Old and young now have same rights

The headlines have been full recently with the news of a new law against age discrimination, which has come into force this month, and it is a matter of great personal pride to me, because...

The headlines have been full recently with the news of a new law against age discrimination, which has come into force this month, and it is a matter of great personal pride to me, because what the national papers haven't pointed out is that this new UK law stems from the European Parliament and I was one of the leading MEPs who guided it through the Parliament.

Quite rightly people are protected in law from being treated unfairly because of their sex, race or disability. Yet this is the first time that older and younger people have been given the same rights.

If you think age discrimination is not a real problem just think that close to half of young workers say they've been held back at work because of their age, and the challenge at the other end of the age ladder is even bigger when you think that one-in-three of our workers will be over fifty in fifteen years time.

What this law will do is give everyone a fair chance at work, dependent only on their skills and ability, and regardless of a person's age.


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In the European Parliament this week I was pleased to vote to back further improvements for the protection of animals. I work with the Animal Welfare Group of MEPs and my postbag is always full of local people highlighting issues of concern on animal rights, whether it be the cruel practice of seal clubbing in Canada or protection of the migrating birds in Greece, raised with me recently by an Essex constituent.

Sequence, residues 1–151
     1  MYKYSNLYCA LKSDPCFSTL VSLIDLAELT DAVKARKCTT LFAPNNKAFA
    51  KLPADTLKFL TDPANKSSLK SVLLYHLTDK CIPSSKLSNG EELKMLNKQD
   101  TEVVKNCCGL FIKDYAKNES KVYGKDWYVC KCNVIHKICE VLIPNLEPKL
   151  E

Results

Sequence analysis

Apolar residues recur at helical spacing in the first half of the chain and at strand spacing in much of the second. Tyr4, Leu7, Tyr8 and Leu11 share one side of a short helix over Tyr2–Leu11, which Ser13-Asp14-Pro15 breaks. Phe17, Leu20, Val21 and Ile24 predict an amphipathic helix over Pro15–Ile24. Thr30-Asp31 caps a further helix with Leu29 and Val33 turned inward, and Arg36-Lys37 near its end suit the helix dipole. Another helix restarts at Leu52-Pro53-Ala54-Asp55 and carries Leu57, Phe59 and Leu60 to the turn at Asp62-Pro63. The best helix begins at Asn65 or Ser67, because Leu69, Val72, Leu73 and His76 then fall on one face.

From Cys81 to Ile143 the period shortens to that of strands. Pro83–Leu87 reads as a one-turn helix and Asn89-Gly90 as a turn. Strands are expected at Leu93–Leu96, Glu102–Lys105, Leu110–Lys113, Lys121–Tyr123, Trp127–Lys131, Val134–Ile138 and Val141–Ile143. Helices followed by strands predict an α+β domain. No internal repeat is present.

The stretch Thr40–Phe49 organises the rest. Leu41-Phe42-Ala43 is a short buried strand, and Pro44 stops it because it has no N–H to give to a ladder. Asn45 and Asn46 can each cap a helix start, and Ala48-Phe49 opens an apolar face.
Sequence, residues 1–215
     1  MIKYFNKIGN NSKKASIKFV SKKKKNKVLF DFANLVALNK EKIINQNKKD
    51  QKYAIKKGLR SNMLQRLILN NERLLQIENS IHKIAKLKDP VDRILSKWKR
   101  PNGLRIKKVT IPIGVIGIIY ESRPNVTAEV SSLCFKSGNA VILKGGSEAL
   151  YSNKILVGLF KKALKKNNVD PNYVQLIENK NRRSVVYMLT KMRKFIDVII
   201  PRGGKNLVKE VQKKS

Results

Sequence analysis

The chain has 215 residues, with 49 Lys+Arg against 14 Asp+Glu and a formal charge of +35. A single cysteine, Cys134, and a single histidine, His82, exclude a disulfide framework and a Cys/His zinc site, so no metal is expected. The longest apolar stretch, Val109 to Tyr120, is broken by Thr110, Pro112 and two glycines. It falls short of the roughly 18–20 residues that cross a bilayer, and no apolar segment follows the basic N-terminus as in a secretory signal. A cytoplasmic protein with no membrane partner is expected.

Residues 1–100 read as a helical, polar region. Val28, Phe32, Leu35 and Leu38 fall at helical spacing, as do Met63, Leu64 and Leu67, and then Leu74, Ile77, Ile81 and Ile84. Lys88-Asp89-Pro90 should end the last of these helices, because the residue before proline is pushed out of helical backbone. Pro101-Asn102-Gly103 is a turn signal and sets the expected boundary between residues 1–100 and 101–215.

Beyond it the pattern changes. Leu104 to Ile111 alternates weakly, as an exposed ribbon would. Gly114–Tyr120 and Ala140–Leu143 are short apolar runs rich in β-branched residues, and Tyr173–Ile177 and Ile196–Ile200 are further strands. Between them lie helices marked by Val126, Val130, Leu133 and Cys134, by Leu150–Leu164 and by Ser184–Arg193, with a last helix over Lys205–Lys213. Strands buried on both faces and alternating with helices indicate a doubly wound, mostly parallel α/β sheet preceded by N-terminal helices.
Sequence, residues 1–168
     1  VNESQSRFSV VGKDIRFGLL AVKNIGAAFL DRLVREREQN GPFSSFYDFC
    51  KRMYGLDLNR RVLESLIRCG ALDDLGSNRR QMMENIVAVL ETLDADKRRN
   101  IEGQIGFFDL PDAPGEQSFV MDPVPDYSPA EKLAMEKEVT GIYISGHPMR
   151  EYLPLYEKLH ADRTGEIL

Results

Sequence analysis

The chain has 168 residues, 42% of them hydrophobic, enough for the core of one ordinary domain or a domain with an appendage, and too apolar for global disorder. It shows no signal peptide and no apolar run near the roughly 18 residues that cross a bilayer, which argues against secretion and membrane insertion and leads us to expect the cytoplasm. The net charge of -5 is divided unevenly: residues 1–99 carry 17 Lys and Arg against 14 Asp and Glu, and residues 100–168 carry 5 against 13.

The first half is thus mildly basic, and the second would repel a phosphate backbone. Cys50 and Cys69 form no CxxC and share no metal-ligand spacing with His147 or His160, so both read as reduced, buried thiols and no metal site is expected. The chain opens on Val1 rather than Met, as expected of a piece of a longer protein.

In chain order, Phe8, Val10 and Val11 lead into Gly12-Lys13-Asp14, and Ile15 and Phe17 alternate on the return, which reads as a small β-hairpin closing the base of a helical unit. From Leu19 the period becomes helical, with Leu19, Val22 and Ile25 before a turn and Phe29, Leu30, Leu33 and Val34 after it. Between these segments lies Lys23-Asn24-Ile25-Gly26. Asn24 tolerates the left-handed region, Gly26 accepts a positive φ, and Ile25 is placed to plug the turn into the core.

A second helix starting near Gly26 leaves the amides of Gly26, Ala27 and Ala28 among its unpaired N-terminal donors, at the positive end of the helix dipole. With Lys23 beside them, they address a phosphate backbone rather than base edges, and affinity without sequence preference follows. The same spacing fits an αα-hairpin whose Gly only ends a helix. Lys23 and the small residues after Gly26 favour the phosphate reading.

Europe is leading higher animal welfare standards and pressing each EU country to come up to scratch, it seems that we still have work to do when the vote included a call for an absolute end to dog, bull and cock fighting, a measure which I am sure readers will agree is long overdue.

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I am delighted also to be speaking to inaugurate the East of England Cooperative Party in Ipswich that will see the merging of Suffolk, Essex and Norfolk individual groups. The Coop stands for fair trade, for ethical business and for people having a say in the running of their communities and the new merged East of England Co-op Society party will be even stronger in pressing these aims.

Finally to close on a personal note, I was pleased to support a lobby from anti-tobacco groups, which showed that the smoking ban in public places already agreed in Ireland and Italy, and planned for Britain, is currently due to be introduced in half of all European countries.

My own mother died from emphysema after a lifetime of heavy smoking, which was common to her generation.

I hope bans will be expedited across the rest of Europe, together with help for smokers to quit, so that future generations are not blighted by this deadly habit.

Richard Howitt MEP is Labour Euro MP for the East of England.

www.richardhowittmep.com

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